Chicago, Feb. 3, 2018: Do it Like Durham! Black Liberation Month w/ Takiyah Thompson

Do it Like Durham! Black Liberation Month w/ Takiyah Thompson

37 S Ashland, UE Hall, Chicago, 6-8 P.M. 

Co-sponsored by Workers World Party Chicago, Black Lives Matter Chicago, & BYP100 Chicago.

Takiyah Thompson was the first of eight activists arrested in 2017 by Durham, N.C. police after organizing with the community to remove a racist confederate statue. Join us to hear from Takiyah along with local Chicago activists from Black Lives Matter, BYP100, & WWP Chicago about how they are continuing to fight white supremacy, both symbolically and practically. Come share your community’s struggles and discuss how we can work toward liberation together. Takiyah is a member of Workers World Party, a nation-wide revolutionary socialist organization.

Event is free & open to the public. Free snacks & drinks provided. Location is at Ashland and Monroe. 1/4 mile south of the Ashland Green/Pink Line stop, 3/4 mile north-east of Medical District Blue Line stop.

Do it Like Durham! Black Liberation Month w/ Takiyah Thompson

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Do it Like Durham! Black Liberation Month w/ Takiyah Thompson

Dr. Martin Luther King, Jr. 50 Years Later: The Struggle Against Racism, War & Poverty Continues

https://www.newsghana.com.gh/dr-martin-luther-king-jr-50-years-later-the-struggle-against-racism-war-poverty-continues/

By Abayomi Azikiwe
Editor, Pan-African News Wire, http://panafricannews.blogspot.com/

Although the U.S. capitalist and imperialist system may appear to be strong in light of the indices emanating from the stock market and the Department of Labor, the contradictions between Black, Brown and White are reaching unprecedented levels. The gap is widening juxtaposing the rich and poor where the working class is exploited at unprecedented levels.

Lessons are to be learned from the events of 1968. It is essential to study these historical developments in order to devise new methods of struggle aimed at the empowerment of the people over the forces of oppression and exploitation.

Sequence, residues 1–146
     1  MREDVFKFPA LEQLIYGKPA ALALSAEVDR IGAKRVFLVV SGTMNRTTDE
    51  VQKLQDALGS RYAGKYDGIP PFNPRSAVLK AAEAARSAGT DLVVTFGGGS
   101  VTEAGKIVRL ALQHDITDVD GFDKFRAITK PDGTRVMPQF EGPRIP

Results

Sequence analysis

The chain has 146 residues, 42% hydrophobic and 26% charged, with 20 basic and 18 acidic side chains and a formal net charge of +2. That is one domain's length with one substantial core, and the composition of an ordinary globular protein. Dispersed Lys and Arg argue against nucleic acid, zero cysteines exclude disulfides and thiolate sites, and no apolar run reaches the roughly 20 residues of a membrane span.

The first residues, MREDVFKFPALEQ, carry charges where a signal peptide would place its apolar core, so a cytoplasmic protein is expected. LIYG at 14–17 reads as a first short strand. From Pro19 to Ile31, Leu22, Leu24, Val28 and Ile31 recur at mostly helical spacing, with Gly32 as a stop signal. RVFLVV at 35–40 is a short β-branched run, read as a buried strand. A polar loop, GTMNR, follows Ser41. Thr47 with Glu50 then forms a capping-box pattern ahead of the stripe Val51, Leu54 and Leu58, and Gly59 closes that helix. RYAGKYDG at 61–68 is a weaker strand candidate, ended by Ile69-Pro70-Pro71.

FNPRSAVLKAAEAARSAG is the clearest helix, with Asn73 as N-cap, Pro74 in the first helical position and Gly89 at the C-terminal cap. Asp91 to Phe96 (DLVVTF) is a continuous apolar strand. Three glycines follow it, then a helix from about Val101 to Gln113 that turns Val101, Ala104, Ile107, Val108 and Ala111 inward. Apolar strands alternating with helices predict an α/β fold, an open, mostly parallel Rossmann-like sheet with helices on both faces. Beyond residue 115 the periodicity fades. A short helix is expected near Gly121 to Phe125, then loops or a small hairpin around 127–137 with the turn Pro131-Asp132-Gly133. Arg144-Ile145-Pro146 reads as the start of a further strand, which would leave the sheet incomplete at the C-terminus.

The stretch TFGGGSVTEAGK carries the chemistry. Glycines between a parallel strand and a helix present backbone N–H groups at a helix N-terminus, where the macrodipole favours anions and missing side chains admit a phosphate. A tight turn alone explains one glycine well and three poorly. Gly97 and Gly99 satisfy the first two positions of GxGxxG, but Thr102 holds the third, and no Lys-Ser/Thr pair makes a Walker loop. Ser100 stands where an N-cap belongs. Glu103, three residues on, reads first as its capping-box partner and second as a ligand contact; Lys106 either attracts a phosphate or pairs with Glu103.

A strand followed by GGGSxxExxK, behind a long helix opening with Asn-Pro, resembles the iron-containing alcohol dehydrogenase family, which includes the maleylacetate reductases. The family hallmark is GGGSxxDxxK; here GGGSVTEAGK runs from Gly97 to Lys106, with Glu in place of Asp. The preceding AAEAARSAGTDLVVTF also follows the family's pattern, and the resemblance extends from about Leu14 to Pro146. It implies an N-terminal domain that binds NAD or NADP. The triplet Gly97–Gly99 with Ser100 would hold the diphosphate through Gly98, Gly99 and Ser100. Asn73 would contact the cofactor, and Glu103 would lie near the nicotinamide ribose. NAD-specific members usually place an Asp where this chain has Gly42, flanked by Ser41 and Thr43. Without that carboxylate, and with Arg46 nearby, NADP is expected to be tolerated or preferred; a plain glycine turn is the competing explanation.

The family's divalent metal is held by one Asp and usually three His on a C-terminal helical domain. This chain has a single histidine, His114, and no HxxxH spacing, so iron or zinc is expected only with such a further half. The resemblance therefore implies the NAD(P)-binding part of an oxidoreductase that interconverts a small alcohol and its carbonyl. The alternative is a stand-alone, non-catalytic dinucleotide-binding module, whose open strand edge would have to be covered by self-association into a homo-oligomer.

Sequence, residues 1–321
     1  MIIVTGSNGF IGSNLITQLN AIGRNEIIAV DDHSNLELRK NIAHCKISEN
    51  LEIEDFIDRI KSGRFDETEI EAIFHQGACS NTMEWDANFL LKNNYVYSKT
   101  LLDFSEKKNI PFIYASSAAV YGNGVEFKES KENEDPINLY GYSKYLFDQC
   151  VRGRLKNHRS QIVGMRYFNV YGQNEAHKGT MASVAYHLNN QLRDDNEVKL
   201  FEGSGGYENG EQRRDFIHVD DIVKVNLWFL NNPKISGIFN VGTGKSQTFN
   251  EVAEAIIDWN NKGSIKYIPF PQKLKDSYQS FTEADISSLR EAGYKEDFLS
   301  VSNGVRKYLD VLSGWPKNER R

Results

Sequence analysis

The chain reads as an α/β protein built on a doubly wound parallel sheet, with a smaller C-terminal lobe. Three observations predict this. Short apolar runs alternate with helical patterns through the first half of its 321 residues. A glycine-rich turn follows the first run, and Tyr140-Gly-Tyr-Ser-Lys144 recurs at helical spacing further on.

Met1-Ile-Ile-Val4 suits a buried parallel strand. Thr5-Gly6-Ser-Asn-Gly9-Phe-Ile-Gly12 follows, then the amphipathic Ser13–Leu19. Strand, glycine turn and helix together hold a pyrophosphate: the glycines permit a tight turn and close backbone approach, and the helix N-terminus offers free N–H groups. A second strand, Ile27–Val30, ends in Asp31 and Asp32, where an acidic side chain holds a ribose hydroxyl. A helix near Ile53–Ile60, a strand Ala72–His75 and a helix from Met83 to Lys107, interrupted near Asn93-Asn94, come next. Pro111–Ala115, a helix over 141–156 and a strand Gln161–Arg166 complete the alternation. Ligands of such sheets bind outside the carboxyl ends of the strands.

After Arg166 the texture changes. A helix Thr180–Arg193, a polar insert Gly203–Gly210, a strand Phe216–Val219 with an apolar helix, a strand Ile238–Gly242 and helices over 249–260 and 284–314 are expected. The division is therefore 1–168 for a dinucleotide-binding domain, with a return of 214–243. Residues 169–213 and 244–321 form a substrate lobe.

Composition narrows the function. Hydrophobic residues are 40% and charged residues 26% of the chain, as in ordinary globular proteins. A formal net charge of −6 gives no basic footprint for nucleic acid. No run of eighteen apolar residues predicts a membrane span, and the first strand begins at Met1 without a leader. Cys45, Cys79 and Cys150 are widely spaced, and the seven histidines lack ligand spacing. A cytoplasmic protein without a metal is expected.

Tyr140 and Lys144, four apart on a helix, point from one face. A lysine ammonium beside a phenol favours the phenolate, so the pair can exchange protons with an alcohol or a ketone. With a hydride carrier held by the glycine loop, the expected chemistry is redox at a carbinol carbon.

St. Paul, MN, January 31: MN Works For Teachers Info Picket

Kelogg Mall Park, St. Paul, 4:30 P.M.

Our friends at the Saint Paul Federation of Teachers are engaged in bargaining for the common good with the school district. The district hasn’t even made an offer yet, on Wednesday educators will be voting to authorize a strike to continue creating the schools Saint Paul kids deserve.
Everyday these educators are standing up for our kids, let’s stand up for them!

Endorsed by – Saint Paul Regional Labor Federation15 Now Minnesota,Teamsters Local 320 and hundreds of rank and file workers!

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AFT Files Amicus Brief in Janus v. AFSCME / Union YES. Jim Crow NO.

Brief lays out argument citing role of collective bargaining in improving public sector workplaces, repudiating plaintiff’s constitutionally flawed warping and weaponizing of the First Amendment

For Release:

Friday, January 19, 2018

Contact:

Andrew Crook
o: 202-393-8637 | c: 607-280-6603
acrook@aft.org

WASHINGTON—The American Federation of Teachers today filed an amicus brief(link is external) in support of the American Federation of State, County and Municipal Employees against the corporate-backed plaintiff in the Supreme Court case Janus v. AFSCME Council 31.

AFT President Randi Weingarten says: “The fight for prosperity and opportunity for all, embodied by the labor movement, is an anathema to the corporate backers of this case—the people funding it are the same people attacking civil rights, attacking voting rights and attacking public education.

“This case warps and weaponizes the First Amendment by enabling one person’s complaint—without any record or evidence—to undermine the interests of millions of workers across the country who benefit from collective bargaining. And it suggests that collective bargaining, which operates just like any other workplace consultation process, should draw far more constitutional scrutiny than its equivalents.

“The current law has preserved labor peace for four decades by balancing the interests of workers and employers and fostering partnerships to improve school districts and other public sector workplaces. We argue that engaging in collective bargaining is constitutionally no different than the state paying a consultant to advise it on employment relations issues. Further, the plaintiff’s argument is a dishonest rejection of established legal precedent, reaffirmed many times, and therefore must fail.

“I am confident that if the nine justices of the Supreme Court consider this case on the merits, not ideologically, they would agree.”

The AFT brief argues that the government here is an employer, not a sovereign, and that the First Amendment places far less restrictions on the government when it acts as an employer, as opposed to the stricter scrutiny when it acts as a sovereign.

Accordingly, just as there are no constitutional issues when an employer makes workplace decisions relying on the advice of outside consultants, there should also be none when those same decisions arise from collective bargaining, particularly where the costs for both come from the same pot of money available for wages and benefits.

The brief further shows how fair share fees are central to an efficient and effective public sector and describes how labor-management partnerships have thrived under their use.

The full AFT brief can be read here(link is external).

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The AFT represents 1.7 million pre-K through 12th-grade teachers; paraprofessionals and other school-related personnel; higher education faculty and professional staff; federal, state and local government employees; nurses and healthcare workers; and early childhood educators.

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